A Sermon by Rev. Ian Arnold
With regard to the raising up of truths and of the affections for these, and the arrangement of them within things that are general, truths and affections are raised up when the things of eternal life and of the Lords kingdom are thought to be more important than those of life in the body and of the kingdom of this world.
When a person acknowledges the former to be first and foremost, and the latter to be secondary and subordinate, the truths he knows and his affections for them are raised up. For as is his acknowledgement, so in the same measure is the person conveyed into the light of heaven, which light holds intelligence and wisdom within it; and so also in the same measure do things belonging to the light of this world become for him images and so to speak mirrors in which he sees the things belonging to the light of heaven.
The contrary takes place when he thinks the things of the life of the body and of the kingdom of this world to be more important those of eternal life and of the Lords kingdom. He does this when he believes that the latter do not exist because he dos not see them and because nobody has come from there and given an account of them or if he believes that they may exist, nothing worse will happen to him than to others and in so believing confirms himself in these ideas, leads a worldly life, and despises charity and faith altogether. With such a person, truths and the affections for them are not raised up, but are either smothered, or rejected, or perverted. For he dwells in natural light into which no heavenly light at all flows in. This is what is meant by a raising up of truths and of affection for them. (Arcana Caelestia, paragraph 4104.3)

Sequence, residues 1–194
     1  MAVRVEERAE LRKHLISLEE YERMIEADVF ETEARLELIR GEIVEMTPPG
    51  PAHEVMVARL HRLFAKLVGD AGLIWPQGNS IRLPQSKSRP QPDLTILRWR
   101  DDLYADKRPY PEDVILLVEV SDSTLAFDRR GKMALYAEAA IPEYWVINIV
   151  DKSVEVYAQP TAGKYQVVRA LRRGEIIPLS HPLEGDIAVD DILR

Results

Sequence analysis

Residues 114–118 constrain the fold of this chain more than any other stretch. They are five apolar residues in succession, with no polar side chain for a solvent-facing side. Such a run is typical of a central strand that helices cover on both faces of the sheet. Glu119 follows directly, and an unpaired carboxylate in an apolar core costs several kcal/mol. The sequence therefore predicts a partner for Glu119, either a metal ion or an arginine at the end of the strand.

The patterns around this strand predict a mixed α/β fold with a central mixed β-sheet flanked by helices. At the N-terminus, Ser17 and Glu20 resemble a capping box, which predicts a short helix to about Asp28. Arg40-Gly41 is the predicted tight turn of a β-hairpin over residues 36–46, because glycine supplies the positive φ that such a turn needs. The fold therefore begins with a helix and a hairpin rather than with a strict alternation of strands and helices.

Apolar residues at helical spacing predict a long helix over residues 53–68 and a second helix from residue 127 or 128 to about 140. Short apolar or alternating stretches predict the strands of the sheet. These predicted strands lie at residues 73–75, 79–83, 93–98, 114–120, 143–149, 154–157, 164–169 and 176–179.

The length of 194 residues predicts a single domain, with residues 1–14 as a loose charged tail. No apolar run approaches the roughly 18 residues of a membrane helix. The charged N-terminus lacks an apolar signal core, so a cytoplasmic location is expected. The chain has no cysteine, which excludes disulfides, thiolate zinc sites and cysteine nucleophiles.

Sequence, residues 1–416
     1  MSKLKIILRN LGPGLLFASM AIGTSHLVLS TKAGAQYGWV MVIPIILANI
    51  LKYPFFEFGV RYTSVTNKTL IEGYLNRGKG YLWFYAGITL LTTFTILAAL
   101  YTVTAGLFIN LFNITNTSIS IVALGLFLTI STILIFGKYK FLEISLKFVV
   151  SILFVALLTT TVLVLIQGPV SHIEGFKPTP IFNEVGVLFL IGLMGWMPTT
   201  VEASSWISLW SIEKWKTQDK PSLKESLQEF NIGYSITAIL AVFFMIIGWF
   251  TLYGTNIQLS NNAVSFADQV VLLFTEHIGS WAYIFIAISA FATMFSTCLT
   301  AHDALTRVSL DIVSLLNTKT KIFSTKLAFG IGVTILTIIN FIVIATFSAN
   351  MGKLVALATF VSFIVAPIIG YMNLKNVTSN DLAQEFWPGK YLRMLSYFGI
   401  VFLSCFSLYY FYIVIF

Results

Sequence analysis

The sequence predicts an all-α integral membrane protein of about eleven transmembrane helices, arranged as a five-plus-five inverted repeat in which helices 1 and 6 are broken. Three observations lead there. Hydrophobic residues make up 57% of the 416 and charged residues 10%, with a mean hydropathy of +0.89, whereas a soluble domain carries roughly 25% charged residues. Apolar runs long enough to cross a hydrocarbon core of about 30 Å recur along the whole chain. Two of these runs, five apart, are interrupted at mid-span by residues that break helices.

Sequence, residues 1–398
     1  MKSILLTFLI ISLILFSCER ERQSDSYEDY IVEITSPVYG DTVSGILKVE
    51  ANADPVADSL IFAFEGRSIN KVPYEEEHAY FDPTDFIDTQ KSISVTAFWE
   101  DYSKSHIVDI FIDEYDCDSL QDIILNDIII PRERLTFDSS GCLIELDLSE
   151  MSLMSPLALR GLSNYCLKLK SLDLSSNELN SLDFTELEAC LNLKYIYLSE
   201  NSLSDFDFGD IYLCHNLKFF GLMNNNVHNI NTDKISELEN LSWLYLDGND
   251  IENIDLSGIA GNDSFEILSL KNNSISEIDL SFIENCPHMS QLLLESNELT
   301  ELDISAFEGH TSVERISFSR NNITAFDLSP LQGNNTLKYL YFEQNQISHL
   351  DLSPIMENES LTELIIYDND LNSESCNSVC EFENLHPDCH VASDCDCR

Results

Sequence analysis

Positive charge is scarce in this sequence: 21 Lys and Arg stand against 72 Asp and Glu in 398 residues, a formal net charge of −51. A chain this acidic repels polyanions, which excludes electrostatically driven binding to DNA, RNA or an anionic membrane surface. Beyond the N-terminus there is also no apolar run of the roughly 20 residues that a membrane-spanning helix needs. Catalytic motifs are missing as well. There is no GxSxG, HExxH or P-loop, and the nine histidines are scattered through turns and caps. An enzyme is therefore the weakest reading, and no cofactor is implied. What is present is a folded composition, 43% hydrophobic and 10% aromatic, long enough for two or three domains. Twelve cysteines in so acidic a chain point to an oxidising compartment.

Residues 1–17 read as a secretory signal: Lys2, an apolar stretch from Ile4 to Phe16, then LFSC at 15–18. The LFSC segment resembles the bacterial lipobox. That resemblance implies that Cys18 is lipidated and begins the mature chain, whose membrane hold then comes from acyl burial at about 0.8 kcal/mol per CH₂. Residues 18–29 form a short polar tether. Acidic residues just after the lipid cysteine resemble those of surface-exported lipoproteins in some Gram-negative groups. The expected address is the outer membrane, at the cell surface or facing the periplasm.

RECAPTURING earlier IDEALS, insights and enthusiasms.
Turning, friends, to the 26th chapter of the book of Genesis, and reading from verse 18:
“Isaac dug again the wells of water which they had dug in the days of Abraham his father, for the Philistines had stopped them up after the death of Abraham.”
Friends, probably every one of us here this morning is aware of how it so often is with businesses, corporations, and indeed with organisations generally, that they start off with a commitment to high ideals, to business integrity, and to the founding vision which motivates them in those early stages; and yet, for one reason or another, and due to difference circumstances, there is an undermining of those founding ideals, a weakening of commitment to stringent business ethics, a losing sight of what it was that caused this business, this organisation, this operation to come into being in the first place.
A very current example of what I am talking about is the United Nations. Its not too many weeks ago that the Secretary-General of the United Nations, Kofi Annan, announced a thoroughgoing reform of an organisation which seems to have lost its sense of direction, and run off the tracks. And so serious is it, that he believes that a huge amount of energy needs to be put into the recovery of what it was the United Nations was first founded for.
There is a biblical example of what I am talking about as well, in the reign of the boy-king of Judah, Josiah, in the middle of the 600s Before Christ. A boy of only eight when he came to the throne, yet for whatever reason, whether it was wise advisors, or his own innocent sense of how it should be, he instituted a reform of the religious and legal practices of his country. And in the process of doing that, they recovered what is believed to have been a copy of the book of Deuteronomy, which had been lost for generations. The founding raison-d’etre of the country over which he was reigning monarch, those founding laws and principles and visions that are contained in the book of Deuteronomy had been lost, and were now recovered; and he set about, as with the United Nations today with Kofi Annan, he set about the most thoroughgoing reform of practices, religious practices in the temple, and legal practices, and its administration, unjust and corrupt as it had become.